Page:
Inside my bash script:

This works:


But, if I replace it with:


I get the following error

line #: $1: cannot assign in this way

Why I can't assign to ${1}?


From bash's manpage:

Positional Parameters
    A  positional  parameter  is a parameter denoted by one or more digits,
    other than the single digit 0.  Positional parameters are assigned from
    the  shell's  arguments when it is invoked, and may be reassigned using
    the set builtin command.  Positional parameters may not be assigned  to
    with  assignment statements.  The positional parameters are temporarily
    replaced when a shell function is executed (see FUNCTIONS below).

and later, under Parameter Expansion

       Assign  Default  Values.   If  parameter  is  unset or null, the
       expansion of word is assigned to parameter.  The value of param‐
       eter  is  then  substituted.   Positional parameters and special
       parameters may not be assigned to in this way.

If you want to assign a default value to the positional parameter $1 like in your question, you can use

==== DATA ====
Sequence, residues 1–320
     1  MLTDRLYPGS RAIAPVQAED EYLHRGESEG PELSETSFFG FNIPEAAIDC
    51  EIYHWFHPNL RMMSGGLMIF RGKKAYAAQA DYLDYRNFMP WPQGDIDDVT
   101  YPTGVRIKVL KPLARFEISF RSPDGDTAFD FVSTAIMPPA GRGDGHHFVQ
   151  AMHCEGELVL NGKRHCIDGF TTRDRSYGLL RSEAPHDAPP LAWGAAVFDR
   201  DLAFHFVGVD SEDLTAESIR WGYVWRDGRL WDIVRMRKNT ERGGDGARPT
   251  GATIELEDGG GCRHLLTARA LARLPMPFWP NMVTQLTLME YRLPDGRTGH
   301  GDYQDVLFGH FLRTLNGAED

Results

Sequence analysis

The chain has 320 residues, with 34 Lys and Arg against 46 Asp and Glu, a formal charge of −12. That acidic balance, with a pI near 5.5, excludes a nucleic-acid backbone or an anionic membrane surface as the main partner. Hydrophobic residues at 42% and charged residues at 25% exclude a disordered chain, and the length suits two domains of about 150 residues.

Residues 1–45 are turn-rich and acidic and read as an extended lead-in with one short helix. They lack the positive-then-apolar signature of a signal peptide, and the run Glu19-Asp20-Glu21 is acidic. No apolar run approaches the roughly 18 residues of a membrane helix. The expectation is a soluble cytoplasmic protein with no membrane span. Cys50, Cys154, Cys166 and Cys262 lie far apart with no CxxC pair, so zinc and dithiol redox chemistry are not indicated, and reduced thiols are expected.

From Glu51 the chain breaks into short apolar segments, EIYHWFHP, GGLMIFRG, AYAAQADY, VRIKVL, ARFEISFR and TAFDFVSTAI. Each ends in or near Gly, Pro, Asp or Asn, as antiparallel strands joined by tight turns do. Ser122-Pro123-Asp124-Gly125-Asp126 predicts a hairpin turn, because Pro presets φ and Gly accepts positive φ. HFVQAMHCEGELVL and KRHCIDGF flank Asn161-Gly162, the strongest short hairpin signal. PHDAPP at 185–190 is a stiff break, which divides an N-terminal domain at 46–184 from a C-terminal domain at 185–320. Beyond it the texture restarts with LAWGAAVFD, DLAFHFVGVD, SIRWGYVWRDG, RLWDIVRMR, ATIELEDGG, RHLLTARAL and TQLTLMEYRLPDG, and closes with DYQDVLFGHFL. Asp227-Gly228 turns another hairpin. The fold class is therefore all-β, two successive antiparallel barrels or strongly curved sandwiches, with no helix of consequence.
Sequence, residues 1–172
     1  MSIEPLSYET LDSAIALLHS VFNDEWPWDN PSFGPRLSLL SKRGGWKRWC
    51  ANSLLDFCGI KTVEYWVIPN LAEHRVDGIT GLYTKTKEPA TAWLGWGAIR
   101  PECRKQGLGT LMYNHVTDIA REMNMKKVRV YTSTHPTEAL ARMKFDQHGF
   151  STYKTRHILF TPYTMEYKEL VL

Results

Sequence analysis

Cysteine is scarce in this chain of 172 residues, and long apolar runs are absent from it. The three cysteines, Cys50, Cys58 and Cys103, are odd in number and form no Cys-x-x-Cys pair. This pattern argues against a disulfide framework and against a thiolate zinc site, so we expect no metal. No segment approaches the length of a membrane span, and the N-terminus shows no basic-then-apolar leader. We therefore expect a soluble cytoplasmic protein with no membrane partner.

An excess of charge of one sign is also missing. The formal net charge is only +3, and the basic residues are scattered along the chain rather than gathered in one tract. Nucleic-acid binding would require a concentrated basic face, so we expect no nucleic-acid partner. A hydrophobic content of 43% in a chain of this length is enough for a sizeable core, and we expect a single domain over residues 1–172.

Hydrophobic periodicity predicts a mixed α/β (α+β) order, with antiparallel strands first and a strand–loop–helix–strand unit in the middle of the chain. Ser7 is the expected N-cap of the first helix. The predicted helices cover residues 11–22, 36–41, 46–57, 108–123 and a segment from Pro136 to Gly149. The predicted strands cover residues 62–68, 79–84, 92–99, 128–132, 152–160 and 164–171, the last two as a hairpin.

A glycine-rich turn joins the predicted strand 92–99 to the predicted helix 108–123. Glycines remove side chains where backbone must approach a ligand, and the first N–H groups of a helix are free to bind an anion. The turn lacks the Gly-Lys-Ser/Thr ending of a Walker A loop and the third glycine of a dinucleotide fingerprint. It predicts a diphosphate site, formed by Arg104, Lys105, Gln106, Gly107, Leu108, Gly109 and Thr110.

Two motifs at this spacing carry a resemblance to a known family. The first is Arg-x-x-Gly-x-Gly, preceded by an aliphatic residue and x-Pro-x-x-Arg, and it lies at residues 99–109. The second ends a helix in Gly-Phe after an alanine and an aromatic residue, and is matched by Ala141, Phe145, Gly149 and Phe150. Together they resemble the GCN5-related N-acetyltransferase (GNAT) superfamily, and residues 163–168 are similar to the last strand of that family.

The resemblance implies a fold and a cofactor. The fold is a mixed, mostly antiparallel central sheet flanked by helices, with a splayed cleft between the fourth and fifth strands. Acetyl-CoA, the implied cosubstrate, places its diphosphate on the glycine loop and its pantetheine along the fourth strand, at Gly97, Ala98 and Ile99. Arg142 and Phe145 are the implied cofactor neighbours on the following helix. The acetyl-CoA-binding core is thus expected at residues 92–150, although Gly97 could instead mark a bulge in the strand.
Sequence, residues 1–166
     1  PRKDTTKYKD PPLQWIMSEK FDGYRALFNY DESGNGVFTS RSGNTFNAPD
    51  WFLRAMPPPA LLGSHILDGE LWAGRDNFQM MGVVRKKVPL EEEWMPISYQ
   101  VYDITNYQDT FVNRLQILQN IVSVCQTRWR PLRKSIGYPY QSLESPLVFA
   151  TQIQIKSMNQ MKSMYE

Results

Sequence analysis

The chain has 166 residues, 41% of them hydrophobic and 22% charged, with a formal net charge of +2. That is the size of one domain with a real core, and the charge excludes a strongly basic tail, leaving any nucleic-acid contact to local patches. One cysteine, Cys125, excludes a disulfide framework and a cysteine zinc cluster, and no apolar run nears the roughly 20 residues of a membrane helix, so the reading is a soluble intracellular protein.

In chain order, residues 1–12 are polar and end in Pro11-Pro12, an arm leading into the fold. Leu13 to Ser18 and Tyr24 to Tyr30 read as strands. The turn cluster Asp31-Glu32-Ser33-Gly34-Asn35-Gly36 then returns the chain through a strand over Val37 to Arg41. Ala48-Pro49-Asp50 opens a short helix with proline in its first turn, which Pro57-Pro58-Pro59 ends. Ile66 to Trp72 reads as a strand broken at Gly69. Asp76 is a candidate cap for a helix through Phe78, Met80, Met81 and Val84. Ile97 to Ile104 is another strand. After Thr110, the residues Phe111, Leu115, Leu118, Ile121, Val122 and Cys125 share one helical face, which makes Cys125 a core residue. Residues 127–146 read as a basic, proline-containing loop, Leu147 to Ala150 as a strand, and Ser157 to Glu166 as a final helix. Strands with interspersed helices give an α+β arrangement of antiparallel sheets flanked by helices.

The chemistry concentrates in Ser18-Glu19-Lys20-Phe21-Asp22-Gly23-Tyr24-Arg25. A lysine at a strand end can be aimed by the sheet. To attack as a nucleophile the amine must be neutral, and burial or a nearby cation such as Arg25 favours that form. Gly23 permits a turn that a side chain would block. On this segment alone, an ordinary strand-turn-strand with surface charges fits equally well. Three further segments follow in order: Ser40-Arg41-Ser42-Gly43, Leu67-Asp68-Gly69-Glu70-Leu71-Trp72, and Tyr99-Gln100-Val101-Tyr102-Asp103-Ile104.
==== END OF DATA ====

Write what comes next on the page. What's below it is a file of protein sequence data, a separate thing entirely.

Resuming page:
if [ -n "$1" ]
  shift 1
  set -- default "$@"

Here I've used a combination of shift and set. I've just come up with this and I'm not sure if it's the proper way to change a single positional parameter.

  • 1
    Additionally, to assign something to $1, you would use e.g. set -- "$PWD" (this would clear the other positional parameters though, unless you did set -- "$PWD" "$@", which would "push" $PWD to the front of $@). – Kusalananda Jan 12 '19 at 12:55
  • @Kusalananda: I wonder if you can change a single pos. parameter. I've now tried a combination of set and shift, see my edit. – Stefan Hamcke Jan 12 '19 at 13:04
  • Oh, and I probably forgot the --, just in case some of the arguments start with a hyphen. Thanks @Kusalananda – Stefan Hamcke Jan 12 '19 at 13:06
  • Simplified: if [ -z "$1" ]; then shift; set -- default "$@"; fi; CWD="$1" – Kusalananda Jan 12 '19 at 13:21

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